- July 31, 2012
- 11:17 am
When members of the 1946-47 Loyola Tennis team posed for their team photo, they never could have imagined where that photo would end up. Probably because technology had only advanced to radio.
Fast forward 65 years, and this snapshot can be viewed through a far more modern lens: a TwitPic to be exact.
Who are the digital historians behind this unlikely time machine? The Loyola Archives. This team of archivists is taking University history into the 21st century by utilizing Twitter, Facebook, and Tumblr to share photos and facts that generally sit untouched in Cudahy Library.
Ashley Howdeshell, associate archivist and human behind the Twitter handle, says creating @LUCArchives was a way to repudiate stigma around archives.
“When most people think of archives, they tend to think of dusty papers of dead people, but in reality an archive is so much more,” she says. “We have campus publications, yearbooks, photographs, framed portraits, a cowboy hat signed by Roy Rogers, autographs, personal papers, departmental papers, rare books, the list goes on and on. With the Twitter handle, we hoped to dispel the notion that all we have are dusty papers.”
@LUCArchives‘s Twitter feed reads like a friendly digital timeline. In addition to the popular Photo of the Day feature, which links to a photo on Facebook from the archives (recent photo tweets include LU Wolf as an Elvis impersonator and J. Edgar Hoover receiving the Sword of Loyola), the handle interacts with other college archivists and links to Loyola news.
She also points out that these photos provide a historical perspective on current Loyola people and events.
“I choose the photographs for our Twitter and Facebook pages by paying attention to what is happening around campus and in the news. For example, when the Water Tower Campus had their annual block party, I posted some pictures from block parties past. When the country was all wrapped up in brackets for the NCAA Basketball Championship, I posted pictures of Loyola’s 1963 NCAA Championship men’s basketball team,” she says.
Though Howdeshell admits the archives don’t initially seem digital-media friendly, she says creating a positive Internet presence comes from great content, which she is confident the archives have.
“Our materials are not the types that typically spring to mind when thinking about social media content, but they have proven to be an excellent source for content,” she says. “We have great materials and interesting things to say about those materials and we want to share that with the world.”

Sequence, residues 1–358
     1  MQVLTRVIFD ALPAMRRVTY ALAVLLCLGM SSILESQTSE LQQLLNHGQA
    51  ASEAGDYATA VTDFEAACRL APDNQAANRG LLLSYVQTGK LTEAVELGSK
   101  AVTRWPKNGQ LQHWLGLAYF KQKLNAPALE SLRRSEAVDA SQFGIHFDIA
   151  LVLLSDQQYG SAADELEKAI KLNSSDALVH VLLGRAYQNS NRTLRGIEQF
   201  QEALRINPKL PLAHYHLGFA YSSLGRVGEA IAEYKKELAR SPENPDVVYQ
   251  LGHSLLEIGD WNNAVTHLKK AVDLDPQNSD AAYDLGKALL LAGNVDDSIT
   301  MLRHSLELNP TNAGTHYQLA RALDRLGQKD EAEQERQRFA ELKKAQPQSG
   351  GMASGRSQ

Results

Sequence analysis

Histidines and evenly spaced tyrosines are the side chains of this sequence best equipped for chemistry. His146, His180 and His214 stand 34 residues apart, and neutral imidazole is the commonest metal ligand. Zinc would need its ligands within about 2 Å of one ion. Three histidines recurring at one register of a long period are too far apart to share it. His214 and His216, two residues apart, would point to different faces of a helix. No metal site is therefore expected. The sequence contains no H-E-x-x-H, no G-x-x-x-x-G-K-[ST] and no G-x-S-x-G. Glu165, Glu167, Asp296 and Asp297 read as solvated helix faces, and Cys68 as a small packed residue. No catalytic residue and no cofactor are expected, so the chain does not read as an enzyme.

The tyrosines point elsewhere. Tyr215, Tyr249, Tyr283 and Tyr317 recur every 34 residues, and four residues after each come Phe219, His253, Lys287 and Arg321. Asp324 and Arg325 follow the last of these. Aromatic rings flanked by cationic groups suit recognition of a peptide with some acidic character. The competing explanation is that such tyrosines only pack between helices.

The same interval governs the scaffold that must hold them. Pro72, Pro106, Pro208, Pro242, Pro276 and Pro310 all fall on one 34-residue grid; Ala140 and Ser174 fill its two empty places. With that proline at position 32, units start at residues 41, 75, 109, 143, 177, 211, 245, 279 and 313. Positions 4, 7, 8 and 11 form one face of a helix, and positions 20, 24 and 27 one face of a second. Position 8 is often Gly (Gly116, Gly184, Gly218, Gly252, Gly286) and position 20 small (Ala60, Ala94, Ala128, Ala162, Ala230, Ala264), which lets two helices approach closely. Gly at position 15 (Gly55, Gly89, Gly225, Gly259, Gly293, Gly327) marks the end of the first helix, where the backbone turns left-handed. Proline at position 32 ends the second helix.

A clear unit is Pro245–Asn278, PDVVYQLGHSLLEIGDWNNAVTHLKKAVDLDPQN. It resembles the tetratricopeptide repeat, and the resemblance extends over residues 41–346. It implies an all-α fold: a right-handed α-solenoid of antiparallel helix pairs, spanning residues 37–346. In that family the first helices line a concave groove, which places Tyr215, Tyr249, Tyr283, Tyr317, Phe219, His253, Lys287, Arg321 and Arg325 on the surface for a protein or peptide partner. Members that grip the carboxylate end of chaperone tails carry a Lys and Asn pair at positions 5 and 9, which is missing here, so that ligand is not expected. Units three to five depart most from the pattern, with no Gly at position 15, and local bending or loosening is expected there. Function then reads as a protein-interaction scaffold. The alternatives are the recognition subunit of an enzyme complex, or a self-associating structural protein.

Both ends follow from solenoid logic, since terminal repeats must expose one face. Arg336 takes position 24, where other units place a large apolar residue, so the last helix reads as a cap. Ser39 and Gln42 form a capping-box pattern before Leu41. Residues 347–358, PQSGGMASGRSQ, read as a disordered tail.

Outside of Twitter, the Facebook account was recently updated to add events throughout Loyola’s history dating all the way back to the date the University was founded. The Tumblr account featured an essay on the RMS Titanic by history professor Robert Bucholz, PhD. Though Facebook and Tumblr may not be many students’ first choice when heading out to do research, Howdeshell thinks that creating these digital archives may spark interest–and perhaps even give the archives a reputation makeover.
“We hope that students looking for primary resources might stop by and ask if we have anything that would help their research. We hope that staff and faculty will see that their records are of extreme value and deposit those records with us to help preserve the history of Loyola,” she says. “
“Another goal is to make the Archives more approachable,” she adds. “I think archives in general suffer from an image problem. Lots of people think that they should only come to the Archives if they are doing scholarly research, but that couldn’t be farther from the truth. We want people to come to the Archives if they are writing a book, if they just want to learn more about Loyola, or if they just want to see some of the great rare books housed in our Special Collections.”
“Our collections are open to everyone and we want everyone to use them,” she says.